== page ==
Super-Resolution Off the Grid Bilinear Inverse Problems and Blind Super-Resolution Compressed Sensing and Basis Mismatch Single-Molecule Localization Microscopy Imaging

Reduced-Rank Signal Processing

One major challenge in the data deluge is identifying patterns of activity from the flow of information in a network, examples including sensor networks, social networks and biological networks, by the prospect of systematically learning and predicting the network behavior. Network inference is hard because of its massive scale and time dynamics of the flow of information. How can we reduce network dimensionality without compromising the potential for learning and control within limited processing capabilities?

What saves the day is the geometry of information flow, the fact that it can be viewed as a low dimensional manifold in a very high dimensional space. However there is still the problem of tapping into that manifold. When the manifold is linear, we developed an online algorithm with low-complexity, called PETRELS (Parallel Subspace Estimation and Tracking using Recursive Least Squares), that can estimate and track the evolution of a low-rank subspace from partial observations and demonstrated superior performance on the problem of delay estimation in array processing. What is truly exciting is the recognition that the geometry of information flow, expressed in terms of the top principal components of the data covariance matrix, is preserved even from highly incomplete observations.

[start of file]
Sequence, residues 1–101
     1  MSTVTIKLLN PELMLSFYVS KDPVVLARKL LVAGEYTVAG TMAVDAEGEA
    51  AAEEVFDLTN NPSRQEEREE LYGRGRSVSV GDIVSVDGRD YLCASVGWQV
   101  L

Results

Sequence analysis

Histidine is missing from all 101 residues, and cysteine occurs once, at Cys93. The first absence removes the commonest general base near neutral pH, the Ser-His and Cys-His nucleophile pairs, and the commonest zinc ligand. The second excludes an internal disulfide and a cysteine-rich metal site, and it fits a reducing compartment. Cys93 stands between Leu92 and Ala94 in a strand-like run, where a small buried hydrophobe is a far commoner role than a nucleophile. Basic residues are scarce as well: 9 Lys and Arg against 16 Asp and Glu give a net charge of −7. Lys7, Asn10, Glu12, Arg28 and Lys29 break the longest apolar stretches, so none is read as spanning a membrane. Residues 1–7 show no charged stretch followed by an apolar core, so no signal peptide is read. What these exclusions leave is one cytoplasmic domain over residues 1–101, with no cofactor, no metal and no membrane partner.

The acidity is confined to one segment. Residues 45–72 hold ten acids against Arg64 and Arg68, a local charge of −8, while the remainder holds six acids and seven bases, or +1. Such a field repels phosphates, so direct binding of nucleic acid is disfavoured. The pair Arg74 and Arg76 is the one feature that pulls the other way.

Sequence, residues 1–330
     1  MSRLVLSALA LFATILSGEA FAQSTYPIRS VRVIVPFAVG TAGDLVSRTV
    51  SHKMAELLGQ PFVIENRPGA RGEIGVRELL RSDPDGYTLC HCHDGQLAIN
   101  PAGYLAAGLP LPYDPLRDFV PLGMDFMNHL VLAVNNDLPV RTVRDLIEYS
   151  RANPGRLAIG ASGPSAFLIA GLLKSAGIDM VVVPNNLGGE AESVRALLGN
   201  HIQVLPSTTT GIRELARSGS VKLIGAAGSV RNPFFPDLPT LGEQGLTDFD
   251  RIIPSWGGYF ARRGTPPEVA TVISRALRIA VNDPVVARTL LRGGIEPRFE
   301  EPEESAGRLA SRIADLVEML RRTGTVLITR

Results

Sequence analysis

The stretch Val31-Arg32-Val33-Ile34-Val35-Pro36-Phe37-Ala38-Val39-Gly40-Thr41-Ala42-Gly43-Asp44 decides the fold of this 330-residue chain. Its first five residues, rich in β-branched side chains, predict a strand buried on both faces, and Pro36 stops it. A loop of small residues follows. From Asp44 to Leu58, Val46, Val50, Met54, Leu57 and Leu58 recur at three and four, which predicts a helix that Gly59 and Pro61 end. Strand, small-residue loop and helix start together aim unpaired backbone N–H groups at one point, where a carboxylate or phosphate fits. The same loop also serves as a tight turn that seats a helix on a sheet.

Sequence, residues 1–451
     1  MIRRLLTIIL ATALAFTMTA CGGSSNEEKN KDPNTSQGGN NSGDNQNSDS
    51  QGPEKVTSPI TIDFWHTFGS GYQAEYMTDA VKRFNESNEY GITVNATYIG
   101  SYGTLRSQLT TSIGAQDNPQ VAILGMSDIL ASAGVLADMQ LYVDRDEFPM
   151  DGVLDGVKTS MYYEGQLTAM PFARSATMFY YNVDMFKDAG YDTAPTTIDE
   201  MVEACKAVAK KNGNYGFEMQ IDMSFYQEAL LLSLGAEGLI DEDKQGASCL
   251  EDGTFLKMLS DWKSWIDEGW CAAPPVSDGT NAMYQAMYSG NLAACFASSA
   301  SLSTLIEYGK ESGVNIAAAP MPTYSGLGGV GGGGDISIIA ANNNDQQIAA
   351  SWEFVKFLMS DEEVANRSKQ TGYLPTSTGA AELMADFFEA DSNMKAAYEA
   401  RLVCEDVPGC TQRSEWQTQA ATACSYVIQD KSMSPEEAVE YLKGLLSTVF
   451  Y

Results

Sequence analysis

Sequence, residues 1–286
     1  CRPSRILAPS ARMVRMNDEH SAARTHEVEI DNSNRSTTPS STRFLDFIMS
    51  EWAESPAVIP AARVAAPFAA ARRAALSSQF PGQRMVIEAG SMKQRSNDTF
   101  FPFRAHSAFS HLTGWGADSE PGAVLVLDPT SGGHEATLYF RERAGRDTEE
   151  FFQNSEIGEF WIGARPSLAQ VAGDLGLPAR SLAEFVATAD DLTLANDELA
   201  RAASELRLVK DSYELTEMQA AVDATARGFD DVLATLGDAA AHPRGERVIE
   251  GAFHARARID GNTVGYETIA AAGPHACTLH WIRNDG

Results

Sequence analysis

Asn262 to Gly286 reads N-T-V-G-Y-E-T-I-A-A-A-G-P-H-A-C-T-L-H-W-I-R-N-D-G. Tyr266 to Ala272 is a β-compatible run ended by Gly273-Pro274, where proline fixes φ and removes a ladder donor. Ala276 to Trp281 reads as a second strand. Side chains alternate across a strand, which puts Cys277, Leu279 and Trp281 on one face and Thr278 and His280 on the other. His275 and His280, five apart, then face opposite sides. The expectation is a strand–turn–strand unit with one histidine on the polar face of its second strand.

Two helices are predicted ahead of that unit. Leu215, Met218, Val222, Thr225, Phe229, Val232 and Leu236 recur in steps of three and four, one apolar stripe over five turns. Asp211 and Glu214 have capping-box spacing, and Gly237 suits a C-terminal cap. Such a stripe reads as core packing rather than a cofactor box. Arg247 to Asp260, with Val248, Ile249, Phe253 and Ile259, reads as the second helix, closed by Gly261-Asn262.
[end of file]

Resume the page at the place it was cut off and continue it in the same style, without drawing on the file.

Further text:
In order to further overcome the barrier between the high data generation rate and limited processing capabilities facing many modern data-intensive applications, we realized that by leveraging structural assumptions of covariance structures, a single sketch per sample suffices for accurately reconstructing the covariance matrix rather than the original data set. This offers a radical breakthrough for learning covariance structures requiring substantially fewer storage of the data than conventional methods. The key approach is to develop efficient sketching strategies of streaming data tailored to specific inference tasks with a recognition of the embedded low-dimensional structures. This idea can be extended to sketch and analyze graph-structured data, as well as detect anomalies and change-points. Our new framework has the potential to advance the paradigm of high-dimensional data analysis from simple post-processing toward an integration of data priors, agile acquisition, and adaptive processing.

Covariance Sketching using Quadratic Sampling Statistical Inference for Streaming Data Subspace Learning from Bits Sparsity for Signal Processing and Machine Learning

Nonconvex Optimization

Solving Quadratic Systems of Equations

Earlier Work

Waveform Design for Radars and Wireless Communications

Research Support

I gratefully acknowledge ongoing and past support from NSF (CAREER ECCS-1650449, CCF-1527456, ECCS-1462191, CCF-1422966), AFOSR (YIP), ONR (YIP), Center for Surveillance Research, ORAU, Simons Foundation, Google and Microsoft for my research group.